Exodus 26:29
And you shall overlay the boards with gold, and make their rings of gold for places for the bars: and you shall overlay the bars with gold.
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26:15-30 The sockets of silver each weighed about 115 pounds; they were placed in rows on the ground. In every pair of these sockets, a strong board of shittim-wood, covered with plates of gold, was fitted by mortises and tenons. Thus walls were formed for the two sides, and for the west end. The wall was further held together by bars, which passed through rings of gold. Over this the curtains were spread. Though movable, it was strong and firm. The materials were very costly. In all this it was a type of the church of God, built upon the foundation of the apostles and prophets, Jesus Christ himself being the chief Corner-stone, Eph 2:20,21.In the midst of the boards - If we suppose the boards to have been of ordinary thickness Exodus 26:16, the bar was visible and passed through an entire row of rings. In any case, it served to hold the whole wall together.15-30. thou shalt make boards … rear up the tabernacle according to the fashion … which was showed thee—The tabernacle, from its name as well as from its general appearance and arrangements, was a tent; but from the description given in these verses, the boards that formed its walls, the five (cross) bars that strengthened them, and the middle bar that "reached from end to end," and gave it solidity and compactness, it was evidently a more substantial fabric than a light and fragile tent, probably on account of the weight of its various coverings as well as for the protection of its precious furniture. No text from Poole on this verse. And thou shalt overlay the boards with gold,.... Not merely gild them, but cover them with thin plates of gold; and which, because it would take up a great quantity of gold, and make the boards very heavy, unless the plates were very thin, when they were taken down and carried from place to place, some have thought they were only glided:

and make their rings of gold, for places for the bars; these were made of solid gold, and were as staples to let the bars into: and, according to Jarchi, there were two rings to every board:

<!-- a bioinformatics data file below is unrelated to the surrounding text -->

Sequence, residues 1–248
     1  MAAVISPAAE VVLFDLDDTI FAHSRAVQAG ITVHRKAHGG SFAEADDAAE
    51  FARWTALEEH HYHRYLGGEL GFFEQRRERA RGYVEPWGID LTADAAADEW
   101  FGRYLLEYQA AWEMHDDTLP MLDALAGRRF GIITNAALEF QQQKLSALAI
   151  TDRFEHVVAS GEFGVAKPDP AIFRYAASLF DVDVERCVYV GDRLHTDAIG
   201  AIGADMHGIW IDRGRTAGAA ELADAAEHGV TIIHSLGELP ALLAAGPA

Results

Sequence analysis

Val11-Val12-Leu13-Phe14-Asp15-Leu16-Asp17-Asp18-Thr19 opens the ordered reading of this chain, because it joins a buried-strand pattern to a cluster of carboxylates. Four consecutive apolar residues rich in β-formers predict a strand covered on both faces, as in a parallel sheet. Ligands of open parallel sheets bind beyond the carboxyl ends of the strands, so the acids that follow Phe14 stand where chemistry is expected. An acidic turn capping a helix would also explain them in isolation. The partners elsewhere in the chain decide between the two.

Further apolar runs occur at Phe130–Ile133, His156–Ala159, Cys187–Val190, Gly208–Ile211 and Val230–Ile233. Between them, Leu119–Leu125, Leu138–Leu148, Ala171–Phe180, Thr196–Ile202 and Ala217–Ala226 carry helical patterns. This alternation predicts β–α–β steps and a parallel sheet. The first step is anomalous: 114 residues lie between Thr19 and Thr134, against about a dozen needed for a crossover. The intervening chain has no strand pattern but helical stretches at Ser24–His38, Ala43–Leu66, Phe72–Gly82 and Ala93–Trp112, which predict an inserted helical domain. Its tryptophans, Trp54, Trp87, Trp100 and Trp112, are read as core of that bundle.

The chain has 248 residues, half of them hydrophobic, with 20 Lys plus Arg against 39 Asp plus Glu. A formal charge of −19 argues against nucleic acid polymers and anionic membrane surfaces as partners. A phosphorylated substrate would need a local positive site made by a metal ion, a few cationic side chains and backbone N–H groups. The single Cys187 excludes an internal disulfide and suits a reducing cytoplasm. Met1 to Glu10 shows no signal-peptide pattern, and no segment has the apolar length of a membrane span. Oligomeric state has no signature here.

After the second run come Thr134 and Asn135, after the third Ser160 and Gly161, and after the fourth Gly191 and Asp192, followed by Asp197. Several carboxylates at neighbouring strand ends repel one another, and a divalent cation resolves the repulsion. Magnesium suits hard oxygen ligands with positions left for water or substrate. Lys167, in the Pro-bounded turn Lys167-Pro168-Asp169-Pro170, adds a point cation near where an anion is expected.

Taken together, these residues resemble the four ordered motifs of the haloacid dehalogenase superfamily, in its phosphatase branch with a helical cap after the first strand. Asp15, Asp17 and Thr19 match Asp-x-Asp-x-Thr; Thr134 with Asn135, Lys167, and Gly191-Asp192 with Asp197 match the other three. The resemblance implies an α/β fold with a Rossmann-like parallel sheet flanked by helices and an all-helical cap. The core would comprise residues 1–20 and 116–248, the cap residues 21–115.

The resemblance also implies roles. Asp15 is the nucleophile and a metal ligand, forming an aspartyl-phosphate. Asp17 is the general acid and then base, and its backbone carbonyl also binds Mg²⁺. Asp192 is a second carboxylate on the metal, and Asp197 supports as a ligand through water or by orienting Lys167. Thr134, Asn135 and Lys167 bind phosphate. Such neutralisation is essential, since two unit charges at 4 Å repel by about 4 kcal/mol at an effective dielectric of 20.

and thou shalt overlay the bars with gold: cover them with plates of gold; and these bars and staples of gold show how compact and firm the church of God is, through his almighty power, as well as how glorious and splendid it is by his grace.

And thou shalt overlay the boards with gold, and make their rings of gold for places for the bars: and thou shalt overlay the bars with gold.
Verse 29. - The rings were to be of solid gold; the boards and the bars of acacia wood overlaid with gold. Six boards were to be made for the back of the dwelling westwards (ימּה), and two boards "for the corners or angels of the dwelling at the two outermost (hinder) sides." למקצּעת (for cornered), from מקצּע, equivalent to מקצוע an angle (Exodus 26:24; Ezekiel 46:21-22), from קצע to cut off, lit., a section, something cut off, hence an angle, or corner-piece. These corner boards (Exodus 26:24) were to be "doubled (תּאמם) from below, and whole (תּמּים, integri, forming a whole) at its head (or towards its head, cf. אל Exodus 36:29) with regard to the one ring, so shall it be to both of them (so shall they both be made); to the two corners shall they be" (i.e., designed for the two hinder corners). The meaning of these words, which are very obscure in some points, can only be the following: the two corner beams at the tack were to consist of two pieces joined together at a right angle, so as to form as double boards one single whole from the bottom to the top. The expressions "from below" and "up to its head" are divided between the two predicates "doubled" (תּאמים) and "whole" (תּמּים), but they belong to both of them. Each of the corner beams was to be double from the bottom to the top, and still to form one whole. There is more difficulty in the words האחת אל־הטּבּעת in Exodus 26:24. It is impossible to attach any intelligible meaning to the rendering "to the first ring," so that even Knobel, who proposed it, has left it unexplained. There is hardly any other way of explaining it, than to take the word אל in the sense of "having regard to a thing," and to understand the words as meaning, that the corner beams were to form one whole, from the face that each received only one ring, probably at the corner, and not two, viz., one on each side. This one ring was placed half-way up the upright beam in the corner or angle, in such a manner that the central bolt, which stretched along the entire length of the walls (Exodus 26:28), might fasten into it from both the side and back.
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